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ABBC: Best Short Stories of the Year

Short story collections can work well for book groups. They’re rich in content, but most often quick to read. Even if participants don’t finish the entire book, they can still talk about the stories they did complete. There are plenty of good options for approaching discussion: assign each reader to introduce a different story in advance, challenge them to identify a favorite, or simply work through the book in sequence.This Is How You Lose Her

In previous years, I haven’t broken out short stories as a separate category in the All-the-Best-Books Compilation (ABBC), but it seemed like a logical addition. With 70+ best-of-the-year lists consulted now, 45 books of short stories are among those that have received honors for 2012. You can read about and download the full ABBC spreadsheet here.

The most honored book of short stories in 2012, by far, is Junot Diaz’s This Is How You Lose Her. It’s  a collection with strong themes of Dominican-American culture and lost love, narrated by Yunior, a character familiar to those who read the previous Diaz story collection Drown or his novel The Brief  Wondrous Life of Oscar Wao, but explored in much more depth here. Yunior is a romantic but a hopeless womanizer, a troublesome 978-0-307-59688-8.JPGskill learned from his father, and he gets his karmic come-uppance again and again. His brother Rafa–spoiled, cancer-stricken, and exploitative–is his rival and still the subject of a kind of worship. These are gritty, emotionally raw stories, clearly works of some powerful resonance to critics, as attested to by its 32 mentions as a best book of the year, a number  surpassed only by Katherine Boo’s nonfiction work Behind the Beautiful Forevers.

In second place on the short story list, with 15 mentions to date is Alice Munro’s Dear Life. This master of the short story, now in her eighties, has shown in book after book that she has a gift for finding the pithiest moments in life. Her stories are often described as “epic”, but also as “spare” as they follow people across their lives, but hone in on the key moments of those lives. As usual, most of these stories are set in the Canadian towns around Lake Huron, hardscrabble settings for tough people. Perhaps most powerful are the final four stories, which Munro confesses in advance are largely autobiographical.Battleborn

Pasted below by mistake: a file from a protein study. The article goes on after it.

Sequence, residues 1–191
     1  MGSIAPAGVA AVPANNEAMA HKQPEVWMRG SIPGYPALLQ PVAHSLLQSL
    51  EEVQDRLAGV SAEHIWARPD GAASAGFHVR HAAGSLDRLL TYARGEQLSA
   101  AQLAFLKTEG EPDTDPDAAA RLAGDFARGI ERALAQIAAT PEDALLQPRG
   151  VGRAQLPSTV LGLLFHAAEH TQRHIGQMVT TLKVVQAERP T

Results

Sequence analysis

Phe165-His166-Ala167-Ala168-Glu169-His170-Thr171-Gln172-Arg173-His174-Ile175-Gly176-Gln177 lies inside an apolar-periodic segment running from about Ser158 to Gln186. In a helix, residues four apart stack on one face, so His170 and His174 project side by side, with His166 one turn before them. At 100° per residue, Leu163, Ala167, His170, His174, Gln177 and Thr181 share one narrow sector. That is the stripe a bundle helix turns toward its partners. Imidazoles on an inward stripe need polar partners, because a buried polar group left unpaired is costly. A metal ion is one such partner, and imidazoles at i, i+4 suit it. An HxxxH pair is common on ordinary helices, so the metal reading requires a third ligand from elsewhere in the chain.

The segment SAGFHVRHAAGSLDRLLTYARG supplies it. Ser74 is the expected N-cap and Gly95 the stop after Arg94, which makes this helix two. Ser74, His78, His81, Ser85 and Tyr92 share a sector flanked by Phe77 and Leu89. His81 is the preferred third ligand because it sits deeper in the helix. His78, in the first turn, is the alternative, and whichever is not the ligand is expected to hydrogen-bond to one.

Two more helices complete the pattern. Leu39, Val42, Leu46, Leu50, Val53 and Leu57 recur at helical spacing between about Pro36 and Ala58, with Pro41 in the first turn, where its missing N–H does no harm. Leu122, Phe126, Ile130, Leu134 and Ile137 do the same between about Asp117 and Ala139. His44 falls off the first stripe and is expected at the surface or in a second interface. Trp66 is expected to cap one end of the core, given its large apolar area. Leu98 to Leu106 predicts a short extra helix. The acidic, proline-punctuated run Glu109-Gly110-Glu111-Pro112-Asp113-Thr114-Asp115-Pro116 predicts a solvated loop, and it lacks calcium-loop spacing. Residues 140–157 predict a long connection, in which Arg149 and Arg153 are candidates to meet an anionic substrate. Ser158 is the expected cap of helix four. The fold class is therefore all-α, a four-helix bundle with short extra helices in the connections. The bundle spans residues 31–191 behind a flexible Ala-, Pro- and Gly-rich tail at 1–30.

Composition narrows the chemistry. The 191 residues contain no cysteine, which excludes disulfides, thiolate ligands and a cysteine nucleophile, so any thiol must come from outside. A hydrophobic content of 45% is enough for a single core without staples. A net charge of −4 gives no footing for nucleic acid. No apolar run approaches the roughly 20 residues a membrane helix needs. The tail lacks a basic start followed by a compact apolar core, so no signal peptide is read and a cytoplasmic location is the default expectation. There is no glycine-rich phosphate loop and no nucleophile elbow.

The third collection to ride a little ahead of the pack is by the first collection from Nevada’s Claire Vaye Watkins. Battleborn is an edgy collection, exploring dark territory like incest, abortion, Nevada brothels and the author’s own real-life connections to the Manson cult (her father Paul was Manson’s second in command). These are stories of brutal honesty and gallows humor, set where the neon glare of Vegas and Reno meets the barren Nevada deserts, scattered across the years between the Gold Rush and modern times.

Beyond these three leaders, a pack of other works follow with four to six mentions each: Nathan Englander’s What We Talk about When We Talk about Anne Frank, Emma Donoghue’s Astray, Sherman Alexie’s Blasphemy: New and Selected Stories, Etgar Keret’s Suddenly, a Knock at the Door, Megan Mayhew Berman’s Birds of  a Lesser Paradise, and Rajesh Parameswaran’s I Am an Executioner: Love Stories.

I’ll be back next week with results from another category, but you might also want to drop in at Williamsburg Regional Library’s Blogging for a Good Book, where I’ll highlight other categories from March 4th through the 8th. Further releases of the ABBC will also follow as I finish compiling other awards and lists into the spreadsheet.



About the Author:

Neil Hollands is an Adult Services Librarian at Williamsburg Regional Library in Virginia, where he specializes in readers’ advisory and collection development. He is the author of Read On . . . Fantasy Fiction (2007) and Fellowship in a Ring: a Guide for Science Fiction and Fantasy Book Groups (2009).

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